Self-Hating Horror - Part II

In order to rebut MJ Rosenberg's view of "Hebron Horrors", I continue herein to try and dismantle his article, piece by piece.

David Wilder, Hevron

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[Part one of this article can be read at]

In order to rebut MJ Rosenberg's view of "Hebron Horrors", I continue herein to try and dismantle his article, piece by piece.

Rosenberg: I walked into the heart of H-2 following a short inquisition by an IDF soldier. My first stop was the Ibrahami Mosque, which encompasses the Tomb of the Patriarchs. As I walked down the steps toward the mosque, a young Palestinian made the point of informing me that I was following the same route Jewish zealot Baruch Goldstein took when, in February 1994, he burst into the mosque and shot dead 29 Muslims at prayer. Goldstein is a hero to the Hebron settlers. His burial place (in a tourist park named after Meir Kahane) was turned into a shrine where settlers annually celebrate Goldstein's murder spree with parties and games. (In 2004, police arrested some of them for holding an illegal celebration of both the Goldstein murders and the assassination of Yitzhak Rabin.) For Palestinians, of course, the Goldstein massacre is a symbol of the ultimate threat.

The author's bias becomes exceeding clear by speaking of Ma'arat HaMachpela as the Ibrahimi Mosque, thereby negating legitimate Jewish rights to worship at the site. According to Islam, only Muslims can pray at a mosque. Therefore, Rosenberg implicitly agrees that this holy site should be inaccessible to Jews and Christians.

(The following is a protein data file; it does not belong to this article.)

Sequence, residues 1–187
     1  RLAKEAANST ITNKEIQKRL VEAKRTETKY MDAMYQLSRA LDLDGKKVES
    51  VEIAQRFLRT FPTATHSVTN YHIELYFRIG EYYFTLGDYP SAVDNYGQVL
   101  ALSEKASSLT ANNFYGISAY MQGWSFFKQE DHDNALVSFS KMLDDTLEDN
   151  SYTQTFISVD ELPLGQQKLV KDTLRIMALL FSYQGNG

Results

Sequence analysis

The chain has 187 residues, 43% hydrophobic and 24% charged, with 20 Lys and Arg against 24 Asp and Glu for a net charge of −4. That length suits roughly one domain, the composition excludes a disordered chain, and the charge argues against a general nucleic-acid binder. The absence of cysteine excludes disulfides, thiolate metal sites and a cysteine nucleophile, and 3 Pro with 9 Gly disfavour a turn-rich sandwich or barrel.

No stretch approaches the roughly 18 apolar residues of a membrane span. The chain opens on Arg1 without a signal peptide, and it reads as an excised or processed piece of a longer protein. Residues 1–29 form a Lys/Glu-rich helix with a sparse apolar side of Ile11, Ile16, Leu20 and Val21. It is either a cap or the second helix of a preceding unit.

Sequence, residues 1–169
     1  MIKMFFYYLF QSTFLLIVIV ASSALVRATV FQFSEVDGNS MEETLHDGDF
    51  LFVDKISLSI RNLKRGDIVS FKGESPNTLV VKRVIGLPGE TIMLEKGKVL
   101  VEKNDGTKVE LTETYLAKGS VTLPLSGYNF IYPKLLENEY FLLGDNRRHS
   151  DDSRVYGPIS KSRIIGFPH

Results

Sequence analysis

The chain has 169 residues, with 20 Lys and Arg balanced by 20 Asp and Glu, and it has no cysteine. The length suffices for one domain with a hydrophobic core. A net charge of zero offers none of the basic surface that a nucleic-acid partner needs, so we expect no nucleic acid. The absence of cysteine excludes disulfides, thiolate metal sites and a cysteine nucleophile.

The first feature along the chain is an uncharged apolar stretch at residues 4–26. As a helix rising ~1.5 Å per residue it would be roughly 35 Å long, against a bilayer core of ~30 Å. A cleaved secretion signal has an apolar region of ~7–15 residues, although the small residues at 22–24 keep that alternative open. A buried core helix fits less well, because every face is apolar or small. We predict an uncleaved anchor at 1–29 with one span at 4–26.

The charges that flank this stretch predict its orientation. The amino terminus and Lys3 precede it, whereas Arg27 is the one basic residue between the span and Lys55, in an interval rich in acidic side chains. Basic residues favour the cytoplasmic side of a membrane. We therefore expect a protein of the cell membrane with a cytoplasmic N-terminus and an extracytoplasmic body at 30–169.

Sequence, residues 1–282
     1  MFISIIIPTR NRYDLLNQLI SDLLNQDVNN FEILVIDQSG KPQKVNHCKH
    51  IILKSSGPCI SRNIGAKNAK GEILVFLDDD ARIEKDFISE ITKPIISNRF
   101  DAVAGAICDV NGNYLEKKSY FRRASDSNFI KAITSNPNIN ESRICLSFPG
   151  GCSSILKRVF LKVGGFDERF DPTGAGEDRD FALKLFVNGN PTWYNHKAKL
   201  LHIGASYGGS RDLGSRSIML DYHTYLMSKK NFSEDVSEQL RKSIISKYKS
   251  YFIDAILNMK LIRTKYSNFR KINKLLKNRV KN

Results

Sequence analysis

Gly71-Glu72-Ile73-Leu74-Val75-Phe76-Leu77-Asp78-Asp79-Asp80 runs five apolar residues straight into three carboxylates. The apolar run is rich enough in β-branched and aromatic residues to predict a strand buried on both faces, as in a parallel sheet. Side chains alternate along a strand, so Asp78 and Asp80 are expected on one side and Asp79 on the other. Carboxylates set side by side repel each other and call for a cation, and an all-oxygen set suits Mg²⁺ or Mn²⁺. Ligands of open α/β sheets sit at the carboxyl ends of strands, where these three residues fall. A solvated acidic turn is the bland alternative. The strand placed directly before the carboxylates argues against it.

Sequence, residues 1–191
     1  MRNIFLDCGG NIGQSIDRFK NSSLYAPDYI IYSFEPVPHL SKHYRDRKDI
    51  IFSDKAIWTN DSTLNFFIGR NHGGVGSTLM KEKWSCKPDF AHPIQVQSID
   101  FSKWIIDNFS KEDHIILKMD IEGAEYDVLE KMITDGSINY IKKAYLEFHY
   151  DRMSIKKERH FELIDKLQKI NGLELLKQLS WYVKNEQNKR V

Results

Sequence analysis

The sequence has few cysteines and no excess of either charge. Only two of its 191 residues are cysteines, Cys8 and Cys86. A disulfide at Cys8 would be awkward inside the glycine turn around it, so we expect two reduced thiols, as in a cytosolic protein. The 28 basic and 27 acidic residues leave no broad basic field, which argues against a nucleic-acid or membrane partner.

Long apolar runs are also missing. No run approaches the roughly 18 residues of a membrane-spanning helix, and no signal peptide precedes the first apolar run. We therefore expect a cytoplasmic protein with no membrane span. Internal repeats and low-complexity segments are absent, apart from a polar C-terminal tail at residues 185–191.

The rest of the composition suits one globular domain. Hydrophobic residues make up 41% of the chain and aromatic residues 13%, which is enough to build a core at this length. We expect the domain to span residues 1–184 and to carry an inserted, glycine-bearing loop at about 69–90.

Of course, no besmirching of Hebron would be complete without mentioning Baruch Goldstein. Hebron's Jewish community has repeated, time and time again, that it rejects all illegitimate and unnecessary violence. The fact is that no Hebron Jewish resident has ever used a weapon to indiscriminately shoot Arabs in Hebron. Goldstein's grave site is not a shrine, rather it is located in an isolated area in Kiryat Arba. The grave stone was erected by his family, as is customary for any deceased person. The site and the nearby park are not tourist attractions.

The generalization that "Goldstein is a hero to the Hebron settlers" is grossly distorted. Baruch Goldstein, in his capacity as a regional doctor, saved many people's lives following terror attacks in and around Hebron. I can honestly say that there are very mixed feelings about his actions in February, 1994, amongst people in Hebron and Kiryat Arba, including many people who knew him personally and were his friends.

Rosenberg: I left the mosque and walked through the mostly deserted Casbah toward the settlers' neighborhood. There wasn't much to see, just settlers strutting around with rifles and a few Arabs trying to sell their wares in what was once a thriving market and is now mostly abandoned. And there is the graffiti in English and Hebrew promising death to all Palestinians. But the most striking thing is the steel mesh screens that the Arabs have installed just above the heads of pedestrians to protect them from the garbage and excrement routinely dumped by the settlers from their second-floor windows. The screens catch all sorts of disgusting stuff, and lethal objects like cinder blocks, although liquid debris does make its way to the ground or on the heads of anyone below. It's an appalling sight. Imagine looking up and seeing and smelling the foulest debris just above your head, stopped only by mesh. But then everything about H-2 is appalling, including the fact that Israeli soldiers are forced to serve there.

Of course, there isn't much to see, from Rosenberg's perspective. Jewish sanctity at Hebron is nonexistent, be it at Ma'arat HaMachpela, the Tomb of Jessie and Ruth, or the Avraham Avinu synagogue, not to mention Jewish holy sites which are 'off-limits' to Jews, such as the cave of Otniel ben Knaz (the first Judge in Israel) and the tomb of Avner ben Ner (adjacent to Ma'arat HaMachpela.

1) Jews do not "strut" with rifles. People carry arms for reasons of self-defense. There are Jews alive today because they had weapons to protect themselves with. And vice versa.